Close this search box.
Volts vs. Amps: Understand the Difference Before You Buy

Volts verses Amps: Understand the Difference Before You Buy

Spend some time browsing our site and you will see that we have plenty of options for 12v and 24v battery chargers, battery maintainers, and jump starters. Units built for 12v are adequate for most professional needs. But every now and again, you might run into a 24v system. With both 12v and 24v products, there is also the question of amperage.

If you do not have a firm grasp on the difference between volts and amps, a little bit of education is in order before you buy your next piece of Clore Automotive equipment. You might never need a 24v jump starter, for example, but a 12v unit will not get the job done if you ever run across a stranded vehicle with a 24v system – regardless of the number of amps it puts out.

Different Ways to Measure Electricity

Electricity doesn’t have mass in the same sense that a load of bricks does. Therefore, we cannot measure it by putting it on a scale. We need a different means of measurement. Because electricity has little value when it’s not doing any work, the best way to measure it is to do so when it is working. And for that, we have four options.

Measuring voltage and amperage are two of the options. The other two are wattage and resistance. We will not get into wattage and resistance in this piece, as they don’t apply to things like battery maintainers and jump starters.

Voltage is a Measurement of Pressure

Voltage is a measurement of the electric potential of a current as it flows through a circuit. It has been described as the speed at which individual electrons move. However, a better description is one of pressure. Imagine water pressure in a hose or pipe. Water under pressure has potential energy stored in it, energy waiting to be released by opening a valve. Voltage is the equivalent in the electricity realm.

A 24v current has twice the energy potential as a 12v current. Tap into that potential to do the same amount of work and you’ll notice that the 24v system offers more raw power. More pressure equals more work.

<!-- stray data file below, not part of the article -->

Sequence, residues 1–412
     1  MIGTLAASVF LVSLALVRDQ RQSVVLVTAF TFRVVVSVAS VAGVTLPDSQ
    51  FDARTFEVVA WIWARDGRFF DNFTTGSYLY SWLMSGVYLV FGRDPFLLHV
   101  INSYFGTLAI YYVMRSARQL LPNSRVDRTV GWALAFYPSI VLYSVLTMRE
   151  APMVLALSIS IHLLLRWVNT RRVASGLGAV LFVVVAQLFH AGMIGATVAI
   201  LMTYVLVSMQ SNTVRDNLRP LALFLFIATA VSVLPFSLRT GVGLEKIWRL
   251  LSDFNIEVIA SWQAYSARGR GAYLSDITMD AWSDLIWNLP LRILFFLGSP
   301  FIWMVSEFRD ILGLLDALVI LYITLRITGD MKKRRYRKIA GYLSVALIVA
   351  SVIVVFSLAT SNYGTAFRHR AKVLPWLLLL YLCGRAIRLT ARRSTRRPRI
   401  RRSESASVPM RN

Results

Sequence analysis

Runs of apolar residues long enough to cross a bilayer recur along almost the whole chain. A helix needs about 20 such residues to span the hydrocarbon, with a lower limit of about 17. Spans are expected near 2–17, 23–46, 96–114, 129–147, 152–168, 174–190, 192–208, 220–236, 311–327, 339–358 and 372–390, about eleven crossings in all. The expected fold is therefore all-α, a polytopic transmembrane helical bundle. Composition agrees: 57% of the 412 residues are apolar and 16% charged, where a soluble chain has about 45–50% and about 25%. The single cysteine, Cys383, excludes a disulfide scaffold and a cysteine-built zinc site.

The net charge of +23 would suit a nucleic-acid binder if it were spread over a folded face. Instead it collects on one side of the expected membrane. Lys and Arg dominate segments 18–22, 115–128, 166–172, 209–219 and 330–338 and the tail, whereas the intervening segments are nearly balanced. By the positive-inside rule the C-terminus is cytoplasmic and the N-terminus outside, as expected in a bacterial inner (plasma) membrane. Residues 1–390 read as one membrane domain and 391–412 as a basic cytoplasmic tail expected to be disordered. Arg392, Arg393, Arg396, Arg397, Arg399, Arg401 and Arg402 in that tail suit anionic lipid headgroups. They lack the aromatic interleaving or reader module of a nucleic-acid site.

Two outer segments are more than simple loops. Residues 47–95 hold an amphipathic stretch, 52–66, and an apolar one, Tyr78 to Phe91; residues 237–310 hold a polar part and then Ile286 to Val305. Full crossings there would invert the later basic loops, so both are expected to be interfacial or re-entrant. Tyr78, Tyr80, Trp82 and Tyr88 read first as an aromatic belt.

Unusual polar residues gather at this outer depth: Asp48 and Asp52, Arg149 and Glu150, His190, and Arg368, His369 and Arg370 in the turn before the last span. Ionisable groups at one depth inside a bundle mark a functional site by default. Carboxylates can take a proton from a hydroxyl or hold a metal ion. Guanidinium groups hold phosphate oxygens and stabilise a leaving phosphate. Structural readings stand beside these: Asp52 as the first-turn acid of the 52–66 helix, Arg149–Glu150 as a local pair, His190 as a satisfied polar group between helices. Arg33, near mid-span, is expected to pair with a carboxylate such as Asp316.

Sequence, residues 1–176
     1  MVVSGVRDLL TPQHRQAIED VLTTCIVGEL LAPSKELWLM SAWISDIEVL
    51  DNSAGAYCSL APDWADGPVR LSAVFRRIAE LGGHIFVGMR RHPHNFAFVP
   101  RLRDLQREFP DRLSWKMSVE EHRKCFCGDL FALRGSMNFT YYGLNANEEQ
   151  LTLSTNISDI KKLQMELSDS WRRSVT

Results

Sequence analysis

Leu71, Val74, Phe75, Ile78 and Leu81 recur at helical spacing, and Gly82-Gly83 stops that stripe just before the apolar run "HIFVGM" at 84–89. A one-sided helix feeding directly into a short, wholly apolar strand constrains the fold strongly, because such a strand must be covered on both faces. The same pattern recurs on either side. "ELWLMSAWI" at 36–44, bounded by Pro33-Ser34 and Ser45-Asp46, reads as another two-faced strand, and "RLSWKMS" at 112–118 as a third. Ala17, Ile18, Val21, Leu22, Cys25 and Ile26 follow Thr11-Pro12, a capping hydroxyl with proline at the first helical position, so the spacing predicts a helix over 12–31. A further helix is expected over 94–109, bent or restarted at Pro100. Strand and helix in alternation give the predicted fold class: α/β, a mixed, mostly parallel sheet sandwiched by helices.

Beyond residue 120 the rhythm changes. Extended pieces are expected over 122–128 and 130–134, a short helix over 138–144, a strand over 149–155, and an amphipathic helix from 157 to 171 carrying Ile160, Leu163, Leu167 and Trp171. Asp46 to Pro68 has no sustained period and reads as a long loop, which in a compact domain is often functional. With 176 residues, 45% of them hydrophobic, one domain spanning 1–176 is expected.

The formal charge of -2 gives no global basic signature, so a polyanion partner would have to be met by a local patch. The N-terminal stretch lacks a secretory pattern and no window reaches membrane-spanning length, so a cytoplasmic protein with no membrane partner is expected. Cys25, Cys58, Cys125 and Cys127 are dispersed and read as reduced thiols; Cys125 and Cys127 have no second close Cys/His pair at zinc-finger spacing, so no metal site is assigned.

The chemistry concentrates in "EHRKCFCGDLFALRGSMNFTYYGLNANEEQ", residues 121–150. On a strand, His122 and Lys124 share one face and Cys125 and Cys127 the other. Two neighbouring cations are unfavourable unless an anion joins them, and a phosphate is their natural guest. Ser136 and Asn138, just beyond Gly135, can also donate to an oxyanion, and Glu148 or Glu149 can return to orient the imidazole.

Amperage is a Measurement of Flow Rate

Measuring amps is another way to measure electricity under load. Amperage is a measurement of flow rate, similar to measuring the rate of water as it flows out of a valve. Incidentally, this is why some experts frown on the idea of describing voltage as the speed at which electrons move. It is too similar to the idea of amperage being a measurement of flow rate.

Amperage becomes important in our industry because you need performance over time. Think about jump-starting an SUV or minivan. You may have to crank the engine for several seconds to get it to start. More amps mean a more consistent flow of power over a longer period of time. Fewer amps mean just the opposite.

A Practical Application

With an understanding of the differences between voltage and amperage, let us close with a practical example. Let’s say you are called out to a job involving a heavy-duty pickup truck needing a jump start. You only have a 12v jump starter while the truck has a 24v system. Your unit will not produce enough power to turn the engine over, even at 700 cranking amps.

Looking at two 12v batteries connected in series presents the same problem. A 12v jump starter will not be enough. That is why we recommend equipment that can operate in both 12v and 24v mode. That way, you will be able to deal with any automotive electrical system.

Related Articles